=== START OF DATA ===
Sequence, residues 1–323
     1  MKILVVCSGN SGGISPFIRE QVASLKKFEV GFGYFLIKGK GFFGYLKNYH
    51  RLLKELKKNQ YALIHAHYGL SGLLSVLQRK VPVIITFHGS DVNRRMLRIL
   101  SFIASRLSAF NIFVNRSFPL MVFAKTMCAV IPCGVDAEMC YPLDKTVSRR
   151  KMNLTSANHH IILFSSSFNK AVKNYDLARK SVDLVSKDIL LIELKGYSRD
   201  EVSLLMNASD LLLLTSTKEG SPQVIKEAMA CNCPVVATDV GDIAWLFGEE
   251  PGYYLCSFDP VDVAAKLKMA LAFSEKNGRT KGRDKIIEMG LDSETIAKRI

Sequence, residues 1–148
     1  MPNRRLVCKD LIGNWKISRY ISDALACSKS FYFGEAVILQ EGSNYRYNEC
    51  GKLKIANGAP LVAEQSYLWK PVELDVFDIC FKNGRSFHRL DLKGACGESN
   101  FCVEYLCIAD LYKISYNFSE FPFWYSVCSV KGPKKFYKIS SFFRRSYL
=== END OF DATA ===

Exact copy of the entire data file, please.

Sequence, residues 1–323
     1  MKILVVCSGN SGGISPFIRE QVASLKKFEV GFGYFLIKGK GFFGYLKNYH
    51  RLLKELKKNQ YALIHAHYGL SGLLSVLQRK VPVIITFHGS DVNRRMLRIL
   101  SFIASRLSAF NIFVNRSFPL MVFAKTMCAV IPCGVDAEMC YPLDKTVSRR
   151  KMNLTSANHH IILFSSSFNK AVKNYDLARK SVDLVSKDIL LIELKGYSRD
   201  EVSLLMNASD LLLLTSTKEG SPQVIKEAMA CNCPVVATDV GDIAWLFGEE
   251  PGYYLCSFDP VDVAAKLKMA LAFSEKNGRT KGRDKIIEMG LDSETIAKRI

Sequence, residues 1–148
     1  MPNRRLVCKD LIGNWKISRY ISDALACSKS FYFGEAVILQ EGSNYRYNEC
    51  GKLKIANGAP LVAEQSYLWK PVELDVFDIC FKNGRSFHRL DLKGACGESN
   101  FCVEYLCIAD LYKISYNFSE FPFWYSVCSV KGPKKFYKIS SFFRRSYL